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HR & EDUCATION | Staff Reporter, Hong Kong
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Executive compensation in Hong Kong up 19% in 2010

The catch: long-term incentives remained low.

According to Ernst &Young’s 2011 Mainland China and Hong Kong Executive Compensation Report, total cash compensation of Mainland China CEOs in A share companies increased by 5% (median) in 2009 during the financial crisis and by 12% (median) in 2010. In the Hong Kong market, total cash compensation of listed companies’ CEOs increased by 19% (median) in 2010.

In terms of compensation levels, Hong Kong based listed companies paid much higher median total cash compensation to CEOs (RMB 12.7 million) than Mainland based listed companies (RMB 2 million) and A share companies (RMB 0.9 million) with similar market capitalization.

Meanwhile in terms of sectors, there were significant differences among sectors in both Mainland China and Hong Kong markets. The finance sector had the highest median total cash compensation levels across all executive positions with RMB 2.16 million for CEOs in Mainland China. In Hong Kong, the real estate sector paid the highest median total cash compensation to CEOs (RMB 7.3 million).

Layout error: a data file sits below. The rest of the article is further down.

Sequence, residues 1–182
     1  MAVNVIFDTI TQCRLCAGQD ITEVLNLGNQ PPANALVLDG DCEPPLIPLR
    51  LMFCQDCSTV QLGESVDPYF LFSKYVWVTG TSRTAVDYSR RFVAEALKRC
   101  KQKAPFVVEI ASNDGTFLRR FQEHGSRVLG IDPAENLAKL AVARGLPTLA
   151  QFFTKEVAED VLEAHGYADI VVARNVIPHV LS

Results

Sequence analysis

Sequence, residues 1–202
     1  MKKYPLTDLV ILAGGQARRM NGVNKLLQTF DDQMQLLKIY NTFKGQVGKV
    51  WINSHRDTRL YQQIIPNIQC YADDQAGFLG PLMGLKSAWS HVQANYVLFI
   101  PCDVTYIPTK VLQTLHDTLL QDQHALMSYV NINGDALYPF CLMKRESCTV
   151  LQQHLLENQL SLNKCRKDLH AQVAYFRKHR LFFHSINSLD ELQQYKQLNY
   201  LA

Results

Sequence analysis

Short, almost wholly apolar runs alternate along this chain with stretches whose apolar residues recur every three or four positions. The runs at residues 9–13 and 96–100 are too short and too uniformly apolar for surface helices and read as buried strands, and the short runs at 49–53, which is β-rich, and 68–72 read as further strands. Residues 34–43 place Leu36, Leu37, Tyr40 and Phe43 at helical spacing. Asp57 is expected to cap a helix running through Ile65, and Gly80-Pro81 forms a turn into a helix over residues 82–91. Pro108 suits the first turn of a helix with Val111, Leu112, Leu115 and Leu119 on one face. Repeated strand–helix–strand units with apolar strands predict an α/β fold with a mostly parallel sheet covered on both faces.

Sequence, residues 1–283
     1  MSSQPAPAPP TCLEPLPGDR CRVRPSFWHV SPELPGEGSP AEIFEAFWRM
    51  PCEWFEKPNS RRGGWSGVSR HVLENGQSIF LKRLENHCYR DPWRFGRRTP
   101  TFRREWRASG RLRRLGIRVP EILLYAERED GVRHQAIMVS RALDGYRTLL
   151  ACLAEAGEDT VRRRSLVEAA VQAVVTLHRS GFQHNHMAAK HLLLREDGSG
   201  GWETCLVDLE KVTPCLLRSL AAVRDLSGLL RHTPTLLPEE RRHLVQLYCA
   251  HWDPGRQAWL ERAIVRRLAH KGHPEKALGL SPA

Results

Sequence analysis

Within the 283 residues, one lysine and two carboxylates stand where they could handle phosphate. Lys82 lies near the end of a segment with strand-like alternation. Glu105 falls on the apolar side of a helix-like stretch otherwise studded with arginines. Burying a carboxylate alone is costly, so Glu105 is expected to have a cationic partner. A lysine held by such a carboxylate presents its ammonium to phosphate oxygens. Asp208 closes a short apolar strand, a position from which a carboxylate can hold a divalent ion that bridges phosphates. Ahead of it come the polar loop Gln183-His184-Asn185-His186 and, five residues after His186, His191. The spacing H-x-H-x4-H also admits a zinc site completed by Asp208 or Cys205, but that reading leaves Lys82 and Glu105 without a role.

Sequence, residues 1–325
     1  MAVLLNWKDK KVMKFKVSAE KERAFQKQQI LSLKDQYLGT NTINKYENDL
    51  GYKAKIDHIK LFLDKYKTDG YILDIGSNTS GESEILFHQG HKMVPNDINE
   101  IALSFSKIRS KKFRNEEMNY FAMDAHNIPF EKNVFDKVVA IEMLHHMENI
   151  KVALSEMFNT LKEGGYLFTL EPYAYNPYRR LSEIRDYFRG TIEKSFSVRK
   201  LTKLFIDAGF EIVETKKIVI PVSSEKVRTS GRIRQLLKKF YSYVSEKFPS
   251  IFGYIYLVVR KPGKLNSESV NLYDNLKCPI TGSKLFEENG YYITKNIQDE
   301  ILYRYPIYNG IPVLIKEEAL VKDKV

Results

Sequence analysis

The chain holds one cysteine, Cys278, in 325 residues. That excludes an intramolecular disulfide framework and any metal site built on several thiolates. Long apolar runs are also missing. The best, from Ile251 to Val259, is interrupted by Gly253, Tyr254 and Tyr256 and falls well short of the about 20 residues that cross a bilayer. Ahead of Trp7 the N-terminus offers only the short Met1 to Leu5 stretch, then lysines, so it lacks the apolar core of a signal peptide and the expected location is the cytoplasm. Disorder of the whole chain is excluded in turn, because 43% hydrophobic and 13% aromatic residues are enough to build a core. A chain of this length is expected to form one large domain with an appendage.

However, compared to other developed markets, Long-Term Incentive was not commonly used in either market. This was particularly true in Mainland China. According to the report, only 9% of A share companies had LTI plans and only 21% of these paid LTI awards in 2010. Generally, the average proportion of LTI in total compensation was less than 1% for executives of A share companies. In Hong Kong, 67% of companies had at least one LTI plan in place; of these, only 29% granted LTI awards during 2010. The average proportion of LTI in total compensation was less than 10%, which was higher than that of the A share market, but lower than other developed markets.

Ernst &Young’s 2011 Mainland China and Hong Kong Executive Compensation Report provides an analysis of executive and independent/non-executive director compensation for main board listed A share companies in Mainland China and the largest (by market capitalization as of 31 December 2010) 200 companies listed in Hong Kong. The report analyzes compensation levels and mix, Short-Term Incentive plans, Long-Term Incentive plans, independent/non-executive director fees and corporate governance practices.

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